The manufactured trampoline, as we know it today, was
created by two men, George Nissen and Larry Griswold.
Around 1935, Griswold, then the assistant gymnastics coach
at the University of Iowa, and Nissen, a tumbler on the University of Iowa gymnastics team, “made regular jaunts to Bloomington, Illinois where numerous circus people had their winter homes.
Among them were the “Flying Wards”, some of the finest
trapeze performers in the world. Griswold and Nissen worked
out with them at the local YMCA, and frequently helped them make or mend their large trapeze nets. Nissen remembers the hours they spent in the basement of the YMCA, threading the long cords of the nets, using large javelin-head needles. This experience was one of several that led them to the idea of creating a trampoline.
One day, with the help of the wrestling coach at the
University of Iowa, Griswold and Nissen bolted together an angle iron frame. A piece of canvas, in which they had inserted grommets along each side, was then attached to the frame by using springs. This was the first trampoline.
Since Nissen was still training for tumbling, they decided
to move the trampoline to a YMCA camp where he was an instructor. There, during his free time, Nissen used it for his tumbling training. Immediately, he found that the children loved it. This was the first realization that the trampoline could be more than a piece of equipment to use when performing, or seriously training. It was something that many others could enjoy.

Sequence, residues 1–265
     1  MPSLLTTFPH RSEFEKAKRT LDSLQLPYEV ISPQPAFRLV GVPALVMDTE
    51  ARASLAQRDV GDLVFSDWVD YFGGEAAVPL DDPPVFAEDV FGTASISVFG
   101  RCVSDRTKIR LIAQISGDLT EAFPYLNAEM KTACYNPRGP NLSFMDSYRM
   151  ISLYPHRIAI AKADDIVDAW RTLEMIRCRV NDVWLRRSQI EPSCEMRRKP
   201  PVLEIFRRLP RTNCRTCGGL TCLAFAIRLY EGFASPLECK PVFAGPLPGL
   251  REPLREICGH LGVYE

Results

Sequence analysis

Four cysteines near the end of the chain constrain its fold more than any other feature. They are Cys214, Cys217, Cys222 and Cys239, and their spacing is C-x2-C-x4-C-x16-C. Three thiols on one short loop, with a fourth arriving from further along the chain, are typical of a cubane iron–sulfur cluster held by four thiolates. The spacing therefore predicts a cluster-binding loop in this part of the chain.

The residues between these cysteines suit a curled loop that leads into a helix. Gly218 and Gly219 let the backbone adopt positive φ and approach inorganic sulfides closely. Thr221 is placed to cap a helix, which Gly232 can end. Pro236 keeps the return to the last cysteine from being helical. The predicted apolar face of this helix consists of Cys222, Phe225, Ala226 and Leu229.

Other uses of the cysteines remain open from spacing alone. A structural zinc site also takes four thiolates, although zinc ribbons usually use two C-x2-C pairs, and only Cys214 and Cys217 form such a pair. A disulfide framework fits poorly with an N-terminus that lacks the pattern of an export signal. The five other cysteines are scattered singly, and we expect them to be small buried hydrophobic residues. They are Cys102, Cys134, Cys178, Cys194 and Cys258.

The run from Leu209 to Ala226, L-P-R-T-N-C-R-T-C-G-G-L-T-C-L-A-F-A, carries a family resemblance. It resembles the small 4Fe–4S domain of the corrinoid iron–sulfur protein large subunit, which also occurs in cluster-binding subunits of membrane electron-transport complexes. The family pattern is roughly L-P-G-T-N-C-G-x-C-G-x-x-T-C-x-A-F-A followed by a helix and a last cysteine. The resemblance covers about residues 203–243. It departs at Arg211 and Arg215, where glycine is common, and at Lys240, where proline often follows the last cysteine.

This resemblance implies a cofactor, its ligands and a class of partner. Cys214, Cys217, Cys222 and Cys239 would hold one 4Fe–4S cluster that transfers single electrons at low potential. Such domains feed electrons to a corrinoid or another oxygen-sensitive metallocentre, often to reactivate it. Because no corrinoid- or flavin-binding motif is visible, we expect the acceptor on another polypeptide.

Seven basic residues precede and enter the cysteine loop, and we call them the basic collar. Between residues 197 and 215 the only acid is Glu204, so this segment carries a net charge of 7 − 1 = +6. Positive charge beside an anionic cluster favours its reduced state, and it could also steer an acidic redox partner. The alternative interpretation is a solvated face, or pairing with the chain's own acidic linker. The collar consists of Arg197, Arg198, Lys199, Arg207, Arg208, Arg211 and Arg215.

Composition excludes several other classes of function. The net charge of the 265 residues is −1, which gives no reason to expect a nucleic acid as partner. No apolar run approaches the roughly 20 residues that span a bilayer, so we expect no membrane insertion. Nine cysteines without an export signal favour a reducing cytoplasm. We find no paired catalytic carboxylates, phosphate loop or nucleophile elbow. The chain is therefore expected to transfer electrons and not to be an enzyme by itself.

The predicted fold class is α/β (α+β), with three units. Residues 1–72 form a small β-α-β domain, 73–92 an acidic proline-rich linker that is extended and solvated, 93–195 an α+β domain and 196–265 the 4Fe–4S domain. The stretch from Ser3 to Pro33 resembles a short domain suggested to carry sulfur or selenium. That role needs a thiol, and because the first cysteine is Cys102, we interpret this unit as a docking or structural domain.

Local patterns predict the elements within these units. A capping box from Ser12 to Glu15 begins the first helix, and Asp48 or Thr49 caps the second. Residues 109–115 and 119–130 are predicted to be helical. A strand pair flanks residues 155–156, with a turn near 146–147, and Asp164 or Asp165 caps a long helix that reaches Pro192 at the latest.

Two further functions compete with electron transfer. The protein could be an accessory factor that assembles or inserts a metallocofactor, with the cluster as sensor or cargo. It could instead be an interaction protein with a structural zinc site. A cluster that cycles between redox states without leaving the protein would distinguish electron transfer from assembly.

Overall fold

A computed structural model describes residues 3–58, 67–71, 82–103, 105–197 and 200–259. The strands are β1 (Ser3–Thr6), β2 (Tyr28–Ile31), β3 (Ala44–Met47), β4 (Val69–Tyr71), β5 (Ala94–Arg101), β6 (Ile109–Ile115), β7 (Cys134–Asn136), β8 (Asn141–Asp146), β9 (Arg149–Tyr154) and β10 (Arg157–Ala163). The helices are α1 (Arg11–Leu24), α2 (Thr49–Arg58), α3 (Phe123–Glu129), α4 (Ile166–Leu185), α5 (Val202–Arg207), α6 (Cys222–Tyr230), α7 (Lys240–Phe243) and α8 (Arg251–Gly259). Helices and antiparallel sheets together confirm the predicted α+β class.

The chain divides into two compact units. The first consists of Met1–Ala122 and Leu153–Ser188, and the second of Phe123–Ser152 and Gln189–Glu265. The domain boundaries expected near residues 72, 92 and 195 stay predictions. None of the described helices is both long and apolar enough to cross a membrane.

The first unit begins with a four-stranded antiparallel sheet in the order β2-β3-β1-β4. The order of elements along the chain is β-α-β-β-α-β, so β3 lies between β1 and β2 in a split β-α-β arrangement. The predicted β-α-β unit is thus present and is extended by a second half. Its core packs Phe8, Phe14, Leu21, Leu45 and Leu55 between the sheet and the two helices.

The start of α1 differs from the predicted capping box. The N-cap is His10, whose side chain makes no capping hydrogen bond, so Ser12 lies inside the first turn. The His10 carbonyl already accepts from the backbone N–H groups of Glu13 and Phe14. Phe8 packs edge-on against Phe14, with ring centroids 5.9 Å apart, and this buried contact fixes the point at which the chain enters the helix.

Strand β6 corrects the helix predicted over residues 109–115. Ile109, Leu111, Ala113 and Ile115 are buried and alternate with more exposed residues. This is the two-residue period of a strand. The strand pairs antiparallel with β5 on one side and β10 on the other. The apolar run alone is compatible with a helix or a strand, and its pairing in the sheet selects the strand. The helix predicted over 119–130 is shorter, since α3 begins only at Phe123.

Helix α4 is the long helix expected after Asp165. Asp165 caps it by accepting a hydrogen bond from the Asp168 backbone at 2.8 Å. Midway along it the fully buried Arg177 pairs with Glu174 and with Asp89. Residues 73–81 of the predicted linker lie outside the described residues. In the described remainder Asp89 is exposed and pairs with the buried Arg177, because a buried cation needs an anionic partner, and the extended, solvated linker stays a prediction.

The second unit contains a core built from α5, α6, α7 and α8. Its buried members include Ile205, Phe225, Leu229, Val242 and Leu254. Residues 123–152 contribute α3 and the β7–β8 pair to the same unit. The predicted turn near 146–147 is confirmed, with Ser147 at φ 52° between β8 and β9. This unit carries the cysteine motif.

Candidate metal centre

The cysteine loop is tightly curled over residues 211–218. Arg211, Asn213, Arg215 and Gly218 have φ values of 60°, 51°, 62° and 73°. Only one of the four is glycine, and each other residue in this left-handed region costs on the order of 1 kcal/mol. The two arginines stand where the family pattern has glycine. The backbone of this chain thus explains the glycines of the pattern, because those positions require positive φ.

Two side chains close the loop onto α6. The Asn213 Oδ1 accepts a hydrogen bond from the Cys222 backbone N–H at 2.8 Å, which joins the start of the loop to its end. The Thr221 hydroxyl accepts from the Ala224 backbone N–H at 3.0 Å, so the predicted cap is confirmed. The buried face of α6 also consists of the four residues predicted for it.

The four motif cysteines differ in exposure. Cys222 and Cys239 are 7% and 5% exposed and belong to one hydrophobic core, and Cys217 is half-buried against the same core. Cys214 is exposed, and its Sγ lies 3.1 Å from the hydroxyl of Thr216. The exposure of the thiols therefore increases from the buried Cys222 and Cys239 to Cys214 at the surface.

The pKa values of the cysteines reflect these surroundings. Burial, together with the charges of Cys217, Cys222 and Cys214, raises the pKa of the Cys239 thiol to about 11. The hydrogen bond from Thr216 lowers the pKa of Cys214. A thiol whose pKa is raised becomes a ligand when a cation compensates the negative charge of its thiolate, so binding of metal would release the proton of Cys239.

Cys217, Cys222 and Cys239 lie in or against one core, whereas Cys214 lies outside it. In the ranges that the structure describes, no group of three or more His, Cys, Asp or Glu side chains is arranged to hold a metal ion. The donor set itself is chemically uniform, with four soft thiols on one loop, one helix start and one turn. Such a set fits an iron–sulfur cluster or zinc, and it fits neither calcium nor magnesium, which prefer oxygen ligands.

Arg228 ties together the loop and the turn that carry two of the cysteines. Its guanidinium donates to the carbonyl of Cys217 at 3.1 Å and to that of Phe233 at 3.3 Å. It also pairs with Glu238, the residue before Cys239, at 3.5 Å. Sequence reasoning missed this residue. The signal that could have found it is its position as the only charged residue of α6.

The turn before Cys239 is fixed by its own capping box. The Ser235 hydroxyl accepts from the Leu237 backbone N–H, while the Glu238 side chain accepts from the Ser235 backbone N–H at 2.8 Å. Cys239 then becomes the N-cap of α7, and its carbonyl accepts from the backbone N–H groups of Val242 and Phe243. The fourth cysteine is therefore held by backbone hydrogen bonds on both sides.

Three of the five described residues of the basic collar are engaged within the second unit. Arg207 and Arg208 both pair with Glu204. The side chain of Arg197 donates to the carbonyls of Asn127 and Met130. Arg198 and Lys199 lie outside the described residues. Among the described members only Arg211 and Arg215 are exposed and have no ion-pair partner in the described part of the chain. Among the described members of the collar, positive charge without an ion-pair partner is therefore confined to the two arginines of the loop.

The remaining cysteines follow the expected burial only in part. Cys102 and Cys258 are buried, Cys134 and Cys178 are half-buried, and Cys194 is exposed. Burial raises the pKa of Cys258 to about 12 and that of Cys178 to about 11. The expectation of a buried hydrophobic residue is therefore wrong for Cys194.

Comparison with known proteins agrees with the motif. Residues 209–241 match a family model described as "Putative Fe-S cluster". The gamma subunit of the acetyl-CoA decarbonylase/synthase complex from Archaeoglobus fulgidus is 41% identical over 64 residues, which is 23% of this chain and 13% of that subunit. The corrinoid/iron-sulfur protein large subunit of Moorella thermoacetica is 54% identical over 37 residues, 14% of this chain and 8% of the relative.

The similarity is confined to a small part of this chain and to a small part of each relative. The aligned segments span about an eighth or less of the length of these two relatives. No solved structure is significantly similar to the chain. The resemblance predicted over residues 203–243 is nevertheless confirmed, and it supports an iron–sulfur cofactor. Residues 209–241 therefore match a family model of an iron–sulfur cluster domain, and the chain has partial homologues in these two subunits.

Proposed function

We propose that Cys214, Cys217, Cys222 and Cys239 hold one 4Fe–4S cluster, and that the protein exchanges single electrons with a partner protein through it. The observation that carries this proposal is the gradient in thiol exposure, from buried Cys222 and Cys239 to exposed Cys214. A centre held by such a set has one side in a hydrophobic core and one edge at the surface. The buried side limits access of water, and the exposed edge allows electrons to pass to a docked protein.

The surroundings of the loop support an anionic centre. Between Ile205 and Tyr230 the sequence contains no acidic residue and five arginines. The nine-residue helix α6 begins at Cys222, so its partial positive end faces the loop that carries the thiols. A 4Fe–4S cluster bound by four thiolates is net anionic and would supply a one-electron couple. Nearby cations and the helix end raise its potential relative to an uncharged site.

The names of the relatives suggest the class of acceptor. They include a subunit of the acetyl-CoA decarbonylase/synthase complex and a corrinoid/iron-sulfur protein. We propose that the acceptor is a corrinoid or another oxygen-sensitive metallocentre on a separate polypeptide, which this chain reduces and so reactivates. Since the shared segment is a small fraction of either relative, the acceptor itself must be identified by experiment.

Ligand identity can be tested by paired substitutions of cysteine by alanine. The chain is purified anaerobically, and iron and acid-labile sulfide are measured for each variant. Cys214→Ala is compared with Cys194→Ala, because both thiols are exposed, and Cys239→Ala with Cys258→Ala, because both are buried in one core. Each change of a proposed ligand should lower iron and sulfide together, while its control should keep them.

In 1942, Griswold and Nissen decided to formalize their
small operation of making trampolines. They created the Griswold-Nissen Trampoline & Tumbling Company, and history was made.
But where does the name “Trampoline” come from? “El
trampolin” means diving board, in Spanish. George Nissen,
the co-creator of the competitive style trampoline, heard
the word on a performance tour in Mexico in the late
1930’s. He liked the sound of it, and decided to Anglicize
the spelling and call his bouncing rig a Trampoline, a term
he later registered as a trademark.
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